An important Dagger (Khanjar) with the blade inscribed to the Mughal Emperor Shah Jahan (reg. 1628-1657) Akbarabad (Agra), dated AH 1039/ AD 1629-30(2)
Lot 271
An important Dagger (Khanjar) with the blade inscribed to the Mughal Emperor Shah Jahan (reg. 1628-1657) Akbarabad (Agra), dated AH 1039/ AD 1629-30(2)
Sold for £1,700,000 (US$ 2,821,272) inc. premium
Lot Details
An important Dagger (Khanjar) with the blade inscribed to the Mughal Emperor Shah Jahan (reg. 1628-1657)
Akbarabad (Agra), dated AH 1039/ AD 1629-30
with curving, watered steel and tapering blade, swollen at the tip, double-edged with a central ridge, gold koftgari decoration on either side below the forte consisting of a cartouche bearing two long narrow rectangular panels, each flanked by four-lobed cartouches, all containing fine inscriptions in nasta'liq, the contours with small flowerheads, two borders with continuous undulating floral motifs, the pointed cartouche terminating with a flowerhead surmounted by a miniature trefoil from which rises a parasol, the blade with watered steel extension at the forte, the brown and white sardonyx hilt, its grip waisted and faceted, the leather-covered scabbard embossed with vertical floral bands, the borders of the silver mounts cut and pierced with a multi-lobed and trefoil design, the chape with bud finial
blade 20.5 cm. long; 40.8 cm. long including scabbard(2)


  • Estimate on Request

    Acquired in London, 1962.

    L’Art Iranien dans les Collections Belges, Musée du Cinquantenaire, Brussels, 10th November until 19th December 1971.
    Exposition de L’Art ancien de L’Iran et son Rayonnement a Braine L’Alleud, Maison Communale, 31st August to 16th September 1973.

    Shah Jahan (1592-1666)

    This extraordinary dagger seems to be the second known personal dagger of the Mughal Emperor Shah Jahan (reg. 1628-57). Relatively few personal objects of Shah Jahan have survived. With its high quality and complete inscription, the present lot is an important addition to this small corpus and is the earliest dated piece.

    Shah Jahan was born Prince Khurram Shihab al-Din Muhammad in 1592 in Lahore, the third and favourite son of the Mughal emperor Jahangir, and was later titled Shah Jahan or King of the World in 1627. His reign was called the Golden Age of the Mughals and the empire experienced its greatest period of prosperity and stability. Under his rule, Mughal artistic and architectural achievements reached their zenith. He was a patron of the fine arts and continued to foster the Mughal tradition of painting, and was also a prolific builder with a highly refined aesthetic. Great monuments from his reign include the Taj Mahal and the Pearl Mosque at Agra, the Divan-e 'Am, the Divan-e Khas, the Jami’ and Moti mosques and the Palace in Delhi, and the Shalimar Gardens in Lahore. He also created the fabled Peacock Throne, or Takht-e Tawus, to celebrate his rule.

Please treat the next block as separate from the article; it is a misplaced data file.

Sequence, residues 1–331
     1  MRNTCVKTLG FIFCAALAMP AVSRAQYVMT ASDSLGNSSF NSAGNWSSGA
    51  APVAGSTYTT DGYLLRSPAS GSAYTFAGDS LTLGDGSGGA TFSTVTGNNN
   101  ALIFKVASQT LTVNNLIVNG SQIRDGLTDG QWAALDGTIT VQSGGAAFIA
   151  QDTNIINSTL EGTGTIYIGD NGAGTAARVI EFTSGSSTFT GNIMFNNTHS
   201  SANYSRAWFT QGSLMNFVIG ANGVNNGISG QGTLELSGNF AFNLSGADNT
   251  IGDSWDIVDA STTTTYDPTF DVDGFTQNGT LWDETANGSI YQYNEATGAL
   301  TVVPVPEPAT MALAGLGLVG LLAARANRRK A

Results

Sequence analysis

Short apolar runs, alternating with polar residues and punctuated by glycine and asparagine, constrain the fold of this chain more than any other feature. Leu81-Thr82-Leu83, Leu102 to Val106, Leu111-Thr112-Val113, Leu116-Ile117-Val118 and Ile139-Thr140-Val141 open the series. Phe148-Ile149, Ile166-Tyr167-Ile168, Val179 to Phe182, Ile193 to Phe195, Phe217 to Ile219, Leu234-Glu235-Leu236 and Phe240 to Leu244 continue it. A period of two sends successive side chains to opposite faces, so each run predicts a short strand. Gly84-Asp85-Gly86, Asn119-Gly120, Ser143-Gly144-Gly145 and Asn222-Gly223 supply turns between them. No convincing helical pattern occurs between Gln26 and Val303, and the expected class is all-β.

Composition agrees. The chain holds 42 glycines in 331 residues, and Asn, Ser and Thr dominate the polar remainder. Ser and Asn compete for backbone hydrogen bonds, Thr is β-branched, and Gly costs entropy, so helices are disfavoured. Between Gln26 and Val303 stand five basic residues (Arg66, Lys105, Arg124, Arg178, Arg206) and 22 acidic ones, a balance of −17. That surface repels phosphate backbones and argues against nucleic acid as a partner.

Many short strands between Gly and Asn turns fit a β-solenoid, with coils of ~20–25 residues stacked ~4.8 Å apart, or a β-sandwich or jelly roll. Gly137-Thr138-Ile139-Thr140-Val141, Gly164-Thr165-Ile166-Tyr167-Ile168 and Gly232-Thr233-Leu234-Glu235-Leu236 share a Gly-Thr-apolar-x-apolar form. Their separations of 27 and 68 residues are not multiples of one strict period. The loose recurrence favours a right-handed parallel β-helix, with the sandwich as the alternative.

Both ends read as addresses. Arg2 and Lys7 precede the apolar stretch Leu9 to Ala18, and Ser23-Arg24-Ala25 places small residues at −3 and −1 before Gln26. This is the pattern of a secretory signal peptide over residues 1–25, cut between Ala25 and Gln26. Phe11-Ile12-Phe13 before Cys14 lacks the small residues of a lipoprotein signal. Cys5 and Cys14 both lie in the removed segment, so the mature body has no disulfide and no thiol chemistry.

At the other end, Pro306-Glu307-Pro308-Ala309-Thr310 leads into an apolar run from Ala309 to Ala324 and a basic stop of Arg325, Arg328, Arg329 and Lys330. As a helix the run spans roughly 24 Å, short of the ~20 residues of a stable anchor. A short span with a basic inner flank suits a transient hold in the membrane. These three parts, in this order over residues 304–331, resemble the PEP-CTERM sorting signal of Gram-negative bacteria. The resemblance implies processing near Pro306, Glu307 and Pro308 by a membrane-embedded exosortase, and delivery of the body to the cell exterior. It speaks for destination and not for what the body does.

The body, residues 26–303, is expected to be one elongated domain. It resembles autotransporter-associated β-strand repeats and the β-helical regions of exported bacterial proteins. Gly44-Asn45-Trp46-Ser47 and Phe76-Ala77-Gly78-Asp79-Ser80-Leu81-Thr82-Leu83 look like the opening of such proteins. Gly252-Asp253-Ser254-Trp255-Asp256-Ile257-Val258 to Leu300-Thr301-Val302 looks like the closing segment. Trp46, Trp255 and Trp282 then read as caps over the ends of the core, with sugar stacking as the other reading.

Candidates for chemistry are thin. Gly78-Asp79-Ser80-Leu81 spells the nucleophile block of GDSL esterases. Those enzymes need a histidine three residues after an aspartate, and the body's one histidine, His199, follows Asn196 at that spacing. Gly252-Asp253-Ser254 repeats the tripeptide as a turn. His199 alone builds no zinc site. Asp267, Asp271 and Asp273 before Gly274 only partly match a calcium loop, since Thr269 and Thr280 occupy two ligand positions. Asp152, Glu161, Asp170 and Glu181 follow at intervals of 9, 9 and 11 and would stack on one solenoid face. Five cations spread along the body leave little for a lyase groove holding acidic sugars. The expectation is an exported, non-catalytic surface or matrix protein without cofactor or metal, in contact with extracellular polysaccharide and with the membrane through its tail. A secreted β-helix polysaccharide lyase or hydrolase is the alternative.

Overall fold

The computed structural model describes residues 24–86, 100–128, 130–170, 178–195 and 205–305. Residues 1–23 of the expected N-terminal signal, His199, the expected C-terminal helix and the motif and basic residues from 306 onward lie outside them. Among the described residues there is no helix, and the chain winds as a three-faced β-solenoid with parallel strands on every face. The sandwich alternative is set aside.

Weaponry in the Mughal Period

    By Shah Jahan’s time weapons were no longer only for warfare: they had become great works of art in their own right, being decorated with enamels, precious metals and stones. Mughal princes, nobles and high officials were honoured regularly by the emperor with daggers, knives and swords, which were worn as symbols of a wearer’s status, as seen in the illustrated Padshah-nama in the Windsor Library. The most common types being the khatar or push-dagger and khanjar with its curved blade, similar to the present lot. An etiquette of weaponry also developed concerning whether it was permitted to wear a weapon or not. For example, it was considered inappropriate for the emperor or a prince to wear a dagger while visiting or receiving individual holy men, even though we are told Shah Jahan wore a dagger when honouring his religious orthodoxy, and his sons and courtiers were also fully armed.

    The Inscription and the Dagger

    The inscriptions, in gold of two shades, consist of:

    In the long panels:

    khanjar-e shahanshah-e din-parvar-e giti setan
    shah-e ghazi thani saheb-qeran shah-e jahan
    hast manand-e mah-e naw liken az nur-e zafar
    mikonad chon tigh-e khur giti foruzi javdan

    'The dagger of the king of kings, the defender of religion and conqueror of the world. The conqueror king, the second Lord of happy conjunction, Shah Jahan, is like the new moon, but out of its shining triumphs, it makes the world shine eternally like the rays of the Sun.'

    In the four-lobed cartouches:

    ya allah/ya fattah/ya mu'in/ya nasir

    'Oh God! O the Ever-opener (of all gates)! O the Aider! O the Helper!'

    be-dar al-khalafa/akbar abad/surat-e etmam yaft/sana 2 jolus/1039

    'It was completed in the capital Akbar-Abad in the regnal year 2. 1039 (1629-30).'

    The inscription on the blade is the most detailed of all the inscriptions found on any of the known group of Shah Jahan's personal objects. It contains the Emperor's name, his title, and the place and date of the dagger's manufacture. The blade also depicts the parasol, an emblem found on blades from the imperial army and those of princes, which signified the dome of heaven, and which when carried above the head of a ruler symbolised his exalted state and his role between God and more ordinary mortals.